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Photograph, Collection of Museum London, Gift of Mrs. Mary Green, 1982.

Mary West wore this gym uniform around 1936 as a student at Sir Adam Beck Collegiate Institute. In the photograph, girls sport the romper as they perform calisthenics. Each girl was responsible for cutting out and making – or having made – her uniform. Did you know that this romper is actually a revolutionary garment? It is the culmination of decades of development in women’s access to physical education as well as in women’s dress reform.

From the mid-nineteenth century, education leaders in Ontario accepted the importance of vigorous physical training and sports for boys. It was necessary for health, fostered masculinity, and inculcated habits of discipline. Girls, too, they argued benefited from exercise. But it had to be light and gentle. In this way it would develop their grace and beauty while not posing a threat to their reproductive capacity. This attitude continued well into the 20th century. 

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Gym Uniform, Collection of Museum London, Gift of Mrs. Mary Green, 1977.

What girls should wear while “getting physical” was the subject of much discussion. What would permit them to move and yet protect their modesty? To our 21st century eyes, late 19th century uniforms looked like every day clothing: skirts were ankle-length or longer and tight-fitting bodices clearly covered corseted torsos. If well out of the view of male eyes, girls and women participating in physical education could wear “Turkish trousers,” a bifurcated skirt. In this outfit, they looked like they were wearing a skirt until they moved at which point the divided skirt revealed itself.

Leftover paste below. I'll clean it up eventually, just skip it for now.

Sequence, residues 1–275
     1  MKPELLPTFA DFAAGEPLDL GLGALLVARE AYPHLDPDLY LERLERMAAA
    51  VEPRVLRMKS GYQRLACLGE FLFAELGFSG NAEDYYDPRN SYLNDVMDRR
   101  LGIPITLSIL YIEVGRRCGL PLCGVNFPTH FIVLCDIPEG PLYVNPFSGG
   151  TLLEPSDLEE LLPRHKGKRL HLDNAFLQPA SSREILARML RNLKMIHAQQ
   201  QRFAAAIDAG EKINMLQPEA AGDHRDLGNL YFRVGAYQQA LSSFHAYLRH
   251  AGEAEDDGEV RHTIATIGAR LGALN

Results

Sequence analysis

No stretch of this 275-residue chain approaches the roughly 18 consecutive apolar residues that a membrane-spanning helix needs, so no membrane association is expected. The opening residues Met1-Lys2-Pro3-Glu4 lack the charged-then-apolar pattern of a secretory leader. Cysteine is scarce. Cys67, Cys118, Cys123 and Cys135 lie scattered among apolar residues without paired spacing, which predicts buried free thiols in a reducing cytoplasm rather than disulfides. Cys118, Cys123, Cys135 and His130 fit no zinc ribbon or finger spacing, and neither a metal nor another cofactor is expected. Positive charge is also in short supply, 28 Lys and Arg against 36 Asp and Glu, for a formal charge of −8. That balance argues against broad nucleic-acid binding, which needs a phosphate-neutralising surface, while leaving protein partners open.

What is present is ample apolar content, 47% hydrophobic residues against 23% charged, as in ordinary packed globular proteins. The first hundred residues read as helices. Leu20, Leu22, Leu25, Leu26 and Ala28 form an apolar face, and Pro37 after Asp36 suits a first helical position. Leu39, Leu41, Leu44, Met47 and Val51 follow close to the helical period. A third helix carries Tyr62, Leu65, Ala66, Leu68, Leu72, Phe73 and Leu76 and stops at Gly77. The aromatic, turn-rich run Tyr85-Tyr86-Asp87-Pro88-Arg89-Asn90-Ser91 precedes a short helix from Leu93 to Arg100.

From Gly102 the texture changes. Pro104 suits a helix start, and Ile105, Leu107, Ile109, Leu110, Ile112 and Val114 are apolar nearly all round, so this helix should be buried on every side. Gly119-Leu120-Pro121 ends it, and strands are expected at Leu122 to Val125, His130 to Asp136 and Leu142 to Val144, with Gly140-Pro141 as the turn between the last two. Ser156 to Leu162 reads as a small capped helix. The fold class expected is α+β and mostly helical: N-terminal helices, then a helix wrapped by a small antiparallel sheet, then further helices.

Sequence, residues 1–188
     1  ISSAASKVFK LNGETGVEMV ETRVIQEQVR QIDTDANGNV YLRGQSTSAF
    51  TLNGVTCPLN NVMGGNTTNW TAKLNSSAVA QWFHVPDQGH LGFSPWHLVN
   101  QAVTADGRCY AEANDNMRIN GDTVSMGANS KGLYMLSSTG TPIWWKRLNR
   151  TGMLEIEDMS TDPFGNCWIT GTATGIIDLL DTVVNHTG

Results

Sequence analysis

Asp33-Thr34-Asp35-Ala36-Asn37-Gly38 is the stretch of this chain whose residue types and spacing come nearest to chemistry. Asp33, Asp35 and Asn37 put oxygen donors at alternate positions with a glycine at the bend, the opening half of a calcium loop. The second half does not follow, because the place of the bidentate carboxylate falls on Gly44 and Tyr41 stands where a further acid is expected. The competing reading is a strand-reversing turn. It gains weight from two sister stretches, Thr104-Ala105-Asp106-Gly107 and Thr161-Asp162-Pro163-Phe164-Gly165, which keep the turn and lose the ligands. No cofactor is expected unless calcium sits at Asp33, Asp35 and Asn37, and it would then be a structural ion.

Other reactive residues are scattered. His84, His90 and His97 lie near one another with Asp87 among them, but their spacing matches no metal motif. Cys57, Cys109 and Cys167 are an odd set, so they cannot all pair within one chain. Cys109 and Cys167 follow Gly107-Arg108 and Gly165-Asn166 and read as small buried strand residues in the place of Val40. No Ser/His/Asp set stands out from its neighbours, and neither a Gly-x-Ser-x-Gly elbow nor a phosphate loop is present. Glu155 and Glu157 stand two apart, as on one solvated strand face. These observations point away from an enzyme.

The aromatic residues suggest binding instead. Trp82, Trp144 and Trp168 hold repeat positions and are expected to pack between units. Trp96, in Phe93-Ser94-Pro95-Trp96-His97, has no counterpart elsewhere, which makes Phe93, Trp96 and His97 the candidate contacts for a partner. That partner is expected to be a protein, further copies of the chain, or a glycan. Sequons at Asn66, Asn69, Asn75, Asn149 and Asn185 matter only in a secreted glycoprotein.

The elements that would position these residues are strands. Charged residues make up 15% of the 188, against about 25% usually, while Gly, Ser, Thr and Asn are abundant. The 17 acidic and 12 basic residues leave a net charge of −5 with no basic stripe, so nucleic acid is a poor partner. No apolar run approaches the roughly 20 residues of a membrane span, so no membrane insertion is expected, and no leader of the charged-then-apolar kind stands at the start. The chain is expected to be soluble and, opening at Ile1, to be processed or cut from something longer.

In the early 20th century, hemlines gradually crept up and bodices were designed to promote ease of movement: Middy blouses and shorter skirts actually began life as sportswear before becoming fashionable street wear. Still there were concerns. Skirts could fly up and reveal underwear. Blouses could ride up and reveal torsos. Even without the presence of boys, such exposure could be embarrassing and could prevent a girl from participating to her full capacity. The magic of elastic helped bring about change. First, girls wore middy blouses with baggy bloomers elasticized at the knee. Stockings were still a necessity, though! The bloomers slimmed to knickers and the sleeves of the middy blouse shortened. This uniform permitted a new level of activity for many girls who could now run, jump and exert themselves as never before. 

More change was yet to come. In 1933, historian Patricia Warner recounts, Mildred Howard of Mount Holyoke College worked with the sporting goods company Wright & Ditson, to design a gym uniform much like the one Mary West and her classmates wore. As a final nod to comfort and ease of movement, stockings disappeared to be replaced by short socks and sneakers.

Today, what is appropriate clothing for women’s physical activity is still a question we face. Modesty is still a concern for some, sometimes for reasons of faith. How much should women reveal? How much should they conceal? This should be every woman’s choice.